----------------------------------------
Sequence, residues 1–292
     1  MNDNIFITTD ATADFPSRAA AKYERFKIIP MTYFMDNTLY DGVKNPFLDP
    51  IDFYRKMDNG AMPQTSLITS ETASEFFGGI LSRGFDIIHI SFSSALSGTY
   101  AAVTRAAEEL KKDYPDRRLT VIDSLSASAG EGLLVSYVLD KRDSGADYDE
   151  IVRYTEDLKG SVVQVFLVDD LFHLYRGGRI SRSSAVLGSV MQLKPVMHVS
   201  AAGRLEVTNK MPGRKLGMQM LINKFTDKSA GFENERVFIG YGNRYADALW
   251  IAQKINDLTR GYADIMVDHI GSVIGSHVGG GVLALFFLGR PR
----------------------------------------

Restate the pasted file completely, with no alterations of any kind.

Sequence, residues 1–292
     1  MNDNIFITTD ATADFPSRAA AKYERFKIIP MTYFMDNTLY DGVKNPFLDP
    51  IDFYRKMDNG AMPQTSLITS ETASEFFGGI LSRGFDIIHI SFSSALSGTY
   101  AAVTRAAEEL KKDYPDRRLT VIDSLSASAG EGLLVSYVLD KRDSGADYDE
   151  IVRYTEDLKG SVVQVFLVDD LFHLYRGGRI SRSSAVLGSV MQLKPVMHVS
   201  AAGRLEVTNK MPGRKLGMQM LINKFTDKSA GFENERVFIG YGNRYADALW
   251  IAQKINDLTR GYADIMVDHI GSVIGSHVGG GVLALFFLGR PR